We’re so accustomed to ICs in the $1 price range that it’s easy to presume something is wrong when you see one priced above $1000. Still, some ICs have the features, functions, and performance specifications whereby their vendor feels that they can command that amount.
The latest such pair is the highly integrated quad-channel AFE7444 and similar dual-channel AFE7422 RF-sampling transceivers from Texas Instruments (Fig. 1). These devices target wideband systems including multiantenna, direct-sampling radar, and 5G applications, with what TI maintains is industry’s widest frequency range and smallest footprint. The level of integration allows for sampling of frequencies to 6 GHz (the most-used portion of the C-band, formally defined at 4 to 8 GHz) without the need for additional frequency-conversion stages, thus eliminating local oscillators, mixers, amplifiers, and filters.
1. The highly integrated quad-channel AFE7444 from Texas Instruments enables direct-digital sampling into the 6-GHz band; the AFE7422 is a two-channel version.
The quad-channel IC integrates 14-bit digital-to-analog converters (DACs) and 14-bit analog-to-digital converters (ADCs) that, along with its high instantaneous bandwidth, enables sampling to 9 Gsamples/s per DAC and up to 3 Gsamples/s per ADC. The AFE7444 can receive and transmit up to 800-MHz bandwidth from each of four antennas, while the AFE7422 receives and transmits 1.2 GHz from each of two antennas. Their 8-lane (8 TX + 8 RX) JESD204B interface (subclass-1 compliant) operates at up to 15 Gb/s.
Transmit-side DAC features and performance: The DAC signal paths support interpolation and digital up-conversion options to deliver the wide bandwidth; their differential output path includes a per-channel digital step attenuator (DSA) for optimal tuning of output power. Other DAC features include dual digital upconverters (DUCs), 32-bit NCOs, 8× to 36× interpolation ratio, sin(x)/x correction and configurable delay, and power-amplifier protection (PAP).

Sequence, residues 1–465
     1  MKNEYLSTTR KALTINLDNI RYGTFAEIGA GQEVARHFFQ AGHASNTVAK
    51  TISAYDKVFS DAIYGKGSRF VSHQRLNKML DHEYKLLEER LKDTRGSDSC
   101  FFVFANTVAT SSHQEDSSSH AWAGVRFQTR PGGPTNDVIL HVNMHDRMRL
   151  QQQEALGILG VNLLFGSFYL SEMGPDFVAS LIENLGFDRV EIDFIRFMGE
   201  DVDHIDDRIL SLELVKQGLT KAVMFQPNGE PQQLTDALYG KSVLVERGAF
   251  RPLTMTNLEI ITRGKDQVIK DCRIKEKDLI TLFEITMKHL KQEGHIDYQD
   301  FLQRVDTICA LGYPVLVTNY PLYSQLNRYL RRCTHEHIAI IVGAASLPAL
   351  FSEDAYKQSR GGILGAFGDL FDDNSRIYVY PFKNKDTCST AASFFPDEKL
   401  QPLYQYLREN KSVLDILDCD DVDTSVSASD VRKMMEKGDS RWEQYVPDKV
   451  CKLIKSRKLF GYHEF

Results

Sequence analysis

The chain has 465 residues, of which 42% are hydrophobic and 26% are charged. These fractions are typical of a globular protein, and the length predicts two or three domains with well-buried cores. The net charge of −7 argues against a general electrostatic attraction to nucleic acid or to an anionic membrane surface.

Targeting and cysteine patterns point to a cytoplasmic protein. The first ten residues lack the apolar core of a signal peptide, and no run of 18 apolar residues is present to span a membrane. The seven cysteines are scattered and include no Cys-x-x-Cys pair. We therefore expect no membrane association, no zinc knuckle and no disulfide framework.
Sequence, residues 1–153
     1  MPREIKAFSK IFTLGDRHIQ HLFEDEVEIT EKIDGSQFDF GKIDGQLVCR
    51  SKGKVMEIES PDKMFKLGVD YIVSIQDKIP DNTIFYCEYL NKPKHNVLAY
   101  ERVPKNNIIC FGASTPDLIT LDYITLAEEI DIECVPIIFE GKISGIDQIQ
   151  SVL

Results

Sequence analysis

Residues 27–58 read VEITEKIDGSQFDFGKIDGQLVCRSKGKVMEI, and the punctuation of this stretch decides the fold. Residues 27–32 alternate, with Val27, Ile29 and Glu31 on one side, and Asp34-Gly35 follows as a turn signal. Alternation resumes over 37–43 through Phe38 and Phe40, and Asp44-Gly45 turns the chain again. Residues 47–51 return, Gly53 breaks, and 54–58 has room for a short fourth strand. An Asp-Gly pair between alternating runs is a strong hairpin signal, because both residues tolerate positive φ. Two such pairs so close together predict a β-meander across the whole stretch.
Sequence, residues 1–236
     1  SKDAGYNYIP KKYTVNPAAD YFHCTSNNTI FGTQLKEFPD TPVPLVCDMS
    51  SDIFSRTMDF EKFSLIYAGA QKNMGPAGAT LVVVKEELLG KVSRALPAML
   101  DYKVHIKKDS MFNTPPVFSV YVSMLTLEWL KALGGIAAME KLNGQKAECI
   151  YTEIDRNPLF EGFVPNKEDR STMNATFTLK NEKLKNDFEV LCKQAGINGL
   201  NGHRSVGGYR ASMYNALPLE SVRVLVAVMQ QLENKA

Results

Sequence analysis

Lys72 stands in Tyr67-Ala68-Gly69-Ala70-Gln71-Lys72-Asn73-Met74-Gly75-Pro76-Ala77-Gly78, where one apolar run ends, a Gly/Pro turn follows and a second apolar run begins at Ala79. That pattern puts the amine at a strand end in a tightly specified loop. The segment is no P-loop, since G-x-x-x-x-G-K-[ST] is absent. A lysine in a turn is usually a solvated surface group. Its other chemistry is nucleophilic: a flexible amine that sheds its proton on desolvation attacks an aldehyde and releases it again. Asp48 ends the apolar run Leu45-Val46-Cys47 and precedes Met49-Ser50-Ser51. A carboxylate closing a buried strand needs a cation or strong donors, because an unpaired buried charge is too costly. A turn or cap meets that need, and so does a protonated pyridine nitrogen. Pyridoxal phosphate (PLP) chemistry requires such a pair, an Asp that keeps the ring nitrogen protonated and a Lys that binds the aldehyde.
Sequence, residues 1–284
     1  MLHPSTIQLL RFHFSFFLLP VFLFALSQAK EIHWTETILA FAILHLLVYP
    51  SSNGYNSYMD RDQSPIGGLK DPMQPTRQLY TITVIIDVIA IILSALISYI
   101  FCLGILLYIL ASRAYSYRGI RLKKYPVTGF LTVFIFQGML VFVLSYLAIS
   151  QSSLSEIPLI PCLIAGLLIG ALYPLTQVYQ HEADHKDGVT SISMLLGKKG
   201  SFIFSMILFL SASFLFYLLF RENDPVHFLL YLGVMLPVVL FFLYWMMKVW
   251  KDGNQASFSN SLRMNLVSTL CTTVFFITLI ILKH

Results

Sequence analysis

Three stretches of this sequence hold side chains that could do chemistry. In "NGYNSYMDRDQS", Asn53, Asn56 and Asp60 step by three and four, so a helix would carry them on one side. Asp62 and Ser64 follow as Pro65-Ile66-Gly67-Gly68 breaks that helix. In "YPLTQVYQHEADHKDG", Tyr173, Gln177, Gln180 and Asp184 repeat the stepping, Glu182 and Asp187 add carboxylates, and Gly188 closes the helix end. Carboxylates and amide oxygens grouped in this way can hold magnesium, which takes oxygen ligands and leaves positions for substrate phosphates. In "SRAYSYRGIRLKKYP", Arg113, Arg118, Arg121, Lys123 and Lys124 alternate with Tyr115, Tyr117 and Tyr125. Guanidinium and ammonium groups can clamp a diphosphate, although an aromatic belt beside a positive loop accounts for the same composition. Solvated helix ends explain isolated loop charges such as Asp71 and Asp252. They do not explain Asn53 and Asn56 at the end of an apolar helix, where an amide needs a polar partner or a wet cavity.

Receive-side ADC features and performance: Each ADC path includes dual DSAs to extend dynamic range, along with RF and digital power detectors. ADC noise spectral density (NSD) is −151 dBFS/Hz; while dynamic performance (−3 dBFS at fIN of 2.6 GHz) includes SNR of 55 dBFS; SFDR of 73 dBc (HD2 and HD3); and worst-spur SFDR of 91 dBc. Flexible decimation options allow for optimization of data bandwidth.
Clocks are critical parts of the transmit and receive signal chain. These ICs include an internal phase-locked loop (PLL) and voltage-controlled oscillator (VCO) with bypass option, along with clock output up to 3 GHz with clock divider. Fast frequency hopping at under 1 μs makes this pair a good fit for the demands of the target applications.
Size and power: An IC such as this one is also characterized by its dissipation and footprint. DAC- and ADC-path dissipation are just under 2 W each at 9 and 3 Gsamples/s, respectively. The devices are housed in 400-contact, 0.8-mm-pitch, 17- × 17- × 2.65-mm flip-chip BGA packages, which TI says will reduce required PCB space by 75% compared to using discrete RF-sampling data converters. Also important, the small size of these ICs makes it possible to place them close to system antennas for improved beamforming in high-frequency/high-density arrays.
2. Setting up and exercising an IC such as the AFE7444 calls for great care and attention to RF detail. The AFE7444EM evaluation board is an RF-sampling transceiver platform that can be configured to support up to four transmit and four receive channels simultaneously.
Pricing and support: The AFE7444 quad-channel, wideband RF-sampling transceiver is priced at $1,749.90, while the dual-channel AFE7422 sibling goes for $1,249.90, in 100-piece lots. To assist in evaluating these transceivers, TI offers quad/dual-channel evaluation modules, the AFE7444 and AFE7422, at $2,499 and $1,999 respectively (Fig. 2).
Along with other application notes for these transceivers, TIDA-010131 “Multichannel RF transceiver clocking reference design for radars and wireless 5G testers” demonstrates development of the multichannel clocks, which are critical to achieving specified system performance. There’s also a video series: “Getting started with the AFE7444 and AFE7422.”